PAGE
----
The First Sino-Japanese War (25 July 1894 – 17 April 1895) was a conflict between the Qing dynasty of China and the Empire of Japan primarily over influence in Joseon Korea. After more than six months of unbroken successes by Japanese land and naval forces and the loss of the port of Weihaiwei, the Qing government sued for peace in February 1895.
The war demonstrated the failure of the Qing dynasty's attempts to modernize its military and fend off threats to its sovereignty, especially when compared with Japan's successful Meiji Restoration. For the first time, regional dominance in East Asia shifted from China to Japan; the prestige of the Qing dynasty, along with the classical tradition in China, suffered a major blow. The humiliating loss of Korea as a tributary state sparked an unprecedented public outcry. Within China, the defeat was a catalyst for a series of political upheavals led by Sun Yat-sen and Kang Youwei, culminating in the 1911 Xinhai Revolution.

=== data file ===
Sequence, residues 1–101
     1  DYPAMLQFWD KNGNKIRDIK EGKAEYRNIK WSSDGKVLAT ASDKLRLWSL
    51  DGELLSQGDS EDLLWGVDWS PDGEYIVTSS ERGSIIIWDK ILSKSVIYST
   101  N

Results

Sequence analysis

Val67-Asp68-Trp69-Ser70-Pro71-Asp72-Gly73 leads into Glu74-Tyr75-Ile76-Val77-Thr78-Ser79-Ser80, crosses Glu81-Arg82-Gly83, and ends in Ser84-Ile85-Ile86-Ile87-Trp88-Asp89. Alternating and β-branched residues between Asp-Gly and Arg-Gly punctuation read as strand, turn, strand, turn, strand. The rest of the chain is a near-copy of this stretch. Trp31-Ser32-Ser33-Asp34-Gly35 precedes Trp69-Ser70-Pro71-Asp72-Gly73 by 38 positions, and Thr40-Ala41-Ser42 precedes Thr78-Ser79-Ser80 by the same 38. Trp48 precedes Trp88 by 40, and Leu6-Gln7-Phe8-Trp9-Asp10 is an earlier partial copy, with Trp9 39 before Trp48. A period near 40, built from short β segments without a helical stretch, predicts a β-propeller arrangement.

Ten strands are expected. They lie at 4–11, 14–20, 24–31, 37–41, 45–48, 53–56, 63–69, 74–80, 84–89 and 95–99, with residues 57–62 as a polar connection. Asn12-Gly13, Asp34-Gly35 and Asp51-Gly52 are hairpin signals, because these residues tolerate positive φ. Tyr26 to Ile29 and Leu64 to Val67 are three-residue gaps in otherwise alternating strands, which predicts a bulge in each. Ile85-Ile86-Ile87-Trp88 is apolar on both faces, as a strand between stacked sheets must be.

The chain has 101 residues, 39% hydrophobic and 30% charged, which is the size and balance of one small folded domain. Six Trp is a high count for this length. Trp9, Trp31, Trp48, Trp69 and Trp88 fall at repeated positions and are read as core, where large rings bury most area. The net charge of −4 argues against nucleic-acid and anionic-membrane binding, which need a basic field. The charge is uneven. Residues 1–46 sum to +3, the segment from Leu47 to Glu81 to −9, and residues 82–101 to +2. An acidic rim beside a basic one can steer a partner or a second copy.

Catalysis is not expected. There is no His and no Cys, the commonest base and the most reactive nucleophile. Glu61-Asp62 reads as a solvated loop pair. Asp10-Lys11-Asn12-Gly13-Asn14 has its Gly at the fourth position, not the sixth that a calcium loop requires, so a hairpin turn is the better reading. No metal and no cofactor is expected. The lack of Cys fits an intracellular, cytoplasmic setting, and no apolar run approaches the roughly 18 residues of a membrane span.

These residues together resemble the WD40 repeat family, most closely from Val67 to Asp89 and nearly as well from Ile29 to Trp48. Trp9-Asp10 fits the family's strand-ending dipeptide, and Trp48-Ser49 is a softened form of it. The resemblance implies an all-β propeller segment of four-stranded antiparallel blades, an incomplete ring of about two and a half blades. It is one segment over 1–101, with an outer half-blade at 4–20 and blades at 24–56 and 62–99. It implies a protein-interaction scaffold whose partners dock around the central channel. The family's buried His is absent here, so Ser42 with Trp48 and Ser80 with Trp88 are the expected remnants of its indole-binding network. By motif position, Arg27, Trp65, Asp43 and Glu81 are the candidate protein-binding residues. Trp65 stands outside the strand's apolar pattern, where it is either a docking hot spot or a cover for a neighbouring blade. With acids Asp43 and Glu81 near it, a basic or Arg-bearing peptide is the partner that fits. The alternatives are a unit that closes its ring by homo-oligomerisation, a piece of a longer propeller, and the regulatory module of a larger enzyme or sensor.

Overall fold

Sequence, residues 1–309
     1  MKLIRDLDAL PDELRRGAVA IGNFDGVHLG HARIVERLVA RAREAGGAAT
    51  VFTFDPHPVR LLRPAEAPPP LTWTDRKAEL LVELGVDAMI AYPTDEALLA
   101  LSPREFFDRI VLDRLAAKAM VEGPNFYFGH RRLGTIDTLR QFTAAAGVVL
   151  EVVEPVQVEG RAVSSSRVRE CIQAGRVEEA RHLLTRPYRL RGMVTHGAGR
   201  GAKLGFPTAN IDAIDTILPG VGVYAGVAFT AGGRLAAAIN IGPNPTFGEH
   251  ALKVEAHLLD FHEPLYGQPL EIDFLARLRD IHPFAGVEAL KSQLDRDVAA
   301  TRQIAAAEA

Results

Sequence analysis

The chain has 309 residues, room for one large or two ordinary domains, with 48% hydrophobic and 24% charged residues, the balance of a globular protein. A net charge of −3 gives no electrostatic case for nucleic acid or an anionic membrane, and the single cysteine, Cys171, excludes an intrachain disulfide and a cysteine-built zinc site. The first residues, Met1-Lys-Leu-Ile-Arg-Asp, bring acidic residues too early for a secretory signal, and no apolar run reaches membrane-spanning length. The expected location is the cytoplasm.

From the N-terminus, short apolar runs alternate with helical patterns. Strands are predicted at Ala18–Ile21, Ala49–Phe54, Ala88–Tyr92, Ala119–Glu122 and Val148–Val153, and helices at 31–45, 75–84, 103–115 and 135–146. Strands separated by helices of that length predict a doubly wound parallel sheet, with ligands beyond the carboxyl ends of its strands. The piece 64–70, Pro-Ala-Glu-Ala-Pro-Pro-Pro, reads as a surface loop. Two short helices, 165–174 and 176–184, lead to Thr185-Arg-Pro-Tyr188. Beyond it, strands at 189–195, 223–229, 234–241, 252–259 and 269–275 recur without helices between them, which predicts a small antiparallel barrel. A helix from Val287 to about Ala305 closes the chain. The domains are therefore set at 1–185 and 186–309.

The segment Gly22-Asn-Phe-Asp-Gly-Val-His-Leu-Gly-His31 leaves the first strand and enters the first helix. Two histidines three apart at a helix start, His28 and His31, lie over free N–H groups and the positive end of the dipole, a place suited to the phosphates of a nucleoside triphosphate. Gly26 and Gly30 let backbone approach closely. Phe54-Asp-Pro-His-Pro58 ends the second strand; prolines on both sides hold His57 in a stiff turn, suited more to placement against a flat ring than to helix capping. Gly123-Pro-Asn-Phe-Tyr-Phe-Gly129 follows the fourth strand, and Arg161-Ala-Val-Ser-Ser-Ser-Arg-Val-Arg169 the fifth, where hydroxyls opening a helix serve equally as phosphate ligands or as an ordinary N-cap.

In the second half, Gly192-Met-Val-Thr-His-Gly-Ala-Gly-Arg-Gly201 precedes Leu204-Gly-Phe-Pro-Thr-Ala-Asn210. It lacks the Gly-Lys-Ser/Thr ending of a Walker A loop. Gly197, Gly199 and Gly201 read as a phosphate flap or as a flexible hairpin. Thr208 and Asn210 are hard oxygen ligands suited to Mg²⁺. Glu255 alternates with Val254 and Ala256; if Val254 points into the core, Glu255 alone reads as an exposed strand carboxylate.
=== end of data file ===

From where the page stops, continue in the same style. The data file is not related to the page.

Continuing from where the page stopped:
The war is commonly known in China as the War of Jiawu (Chinese: 甲午戰爭; pinyin: Jiǎwǔ Zhànzhēng), referring to the year (1894) as named under the traditional sexagenary system of years. In Japan, it is called the Japan–Qing War (Japanese: 日清戦争, Hepburn: Nisshin sensō). In Korea, where much of the war took place, it is called the Qing–Japan War (Korean: 청일전쟁; Hanja: 淸日戰爭).